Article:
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"Bullying" behavior

  • 1.  "Bullying" behavior

    Posted 27 days ago
    I've got a kid this year that's got me at my wits end.  She's a bright, strong, and often super sweet and caring.  At the same time, I'm sure she has some social delays.  She doesn't seem to read social cues well and ends up in physical conflicts frequently.  We've been working all year at helping her develop those skills and showed some progress.  We've also been  trying to get the family to recognize the need for additional support, and they have thankfully gotten the ball rolling on that and she has just started seeing an OT.  Which is of course fantastic.
       The big problem for me at this point, is that a couple weeks ago, a new/old student joined the class. A kid who opted out for most of the year because of the pandemic and whose parents decided to send him back for the last  couple months.  And the girl I'm mentioned who is being seen by the OT has become obsessed with this new kid, and is being what can't be described as anything other than physically and verbally abusive to him.  She takes his things and moves them.  She says how much she doesn't like him, with him right next to her. She goes out of her way to run into him, push him etc.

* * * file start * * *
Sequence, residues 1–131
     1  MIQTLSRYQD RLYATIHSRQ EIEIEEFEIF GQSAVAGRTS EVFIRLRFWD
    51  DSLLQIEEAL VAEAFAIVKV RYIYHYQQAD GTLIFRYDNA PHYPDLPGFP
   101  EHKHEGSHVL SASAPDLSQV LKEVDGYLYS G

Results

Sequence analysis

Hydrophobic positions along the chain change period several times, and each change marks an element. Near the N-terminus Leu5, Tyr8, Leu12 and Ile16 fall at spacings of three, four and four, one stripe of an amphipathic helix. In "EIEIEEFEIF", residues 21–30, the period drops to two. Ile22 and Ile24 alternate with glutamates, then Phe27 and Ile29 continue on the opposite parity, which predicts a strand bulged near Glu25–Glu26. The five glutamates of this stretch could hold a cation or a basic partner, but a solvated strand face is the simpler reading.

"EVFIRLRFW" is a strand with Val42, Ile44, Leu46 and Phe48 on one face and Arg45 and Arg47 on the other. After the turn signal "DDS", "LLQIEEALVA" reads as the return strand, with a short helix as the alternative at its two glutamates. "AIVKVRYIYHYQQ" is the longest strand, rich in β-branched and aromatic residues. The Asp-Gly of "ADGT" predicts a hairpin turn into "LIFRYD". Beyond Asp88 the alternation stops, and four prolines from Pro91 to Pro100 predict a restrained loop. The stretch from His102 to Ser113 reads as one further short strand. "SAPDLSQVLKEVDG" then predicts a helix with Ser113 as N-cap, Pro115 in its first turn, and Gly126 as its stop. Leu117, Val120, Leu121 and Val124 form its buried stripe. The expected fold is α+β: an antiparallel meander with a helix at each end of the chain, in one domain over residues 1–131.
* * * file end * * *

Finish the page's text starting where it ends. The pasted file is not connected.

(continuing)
I know she's doing it because there's something else going on....probably a need to feel in control. And I know there's really no such thing as a preschool bully.  That said, the other kid is now constantly looking over his shoulder.  He's a quiet, sweet kid.  His parents know what's going on and tell him to avoid her.  They're being very tolerant of the situation, though I'm sure they'd love to see her removed from the school.  They know we're not that kind of school though.
      So, given that I'm already working on developing her skills, the help I'm looking for is how to handle those situations when I see her target him.  I'll see her make eye contact with him, run over to where he is and bump him aside.  He'll look up dejectedly and walk away.  I've tried the "Is something bothering you?" She says "nothing".  I've tried "Why did you bump him?"  She answers either "I don't know" or "I was just walking".   I'll say "I see his body says he didn't like that" and she'll just stare at me.  I know the OT will help and it takes time.  It's killing me seeing this go on though!
      Any advise or experience you can share is welcome. Or empathy....I'll take empathy too!

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    Scott Mitchell
    Teacher
    Silver Spring Nursery School
    Maryland
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  • 2.  RE: "Bullying" behavior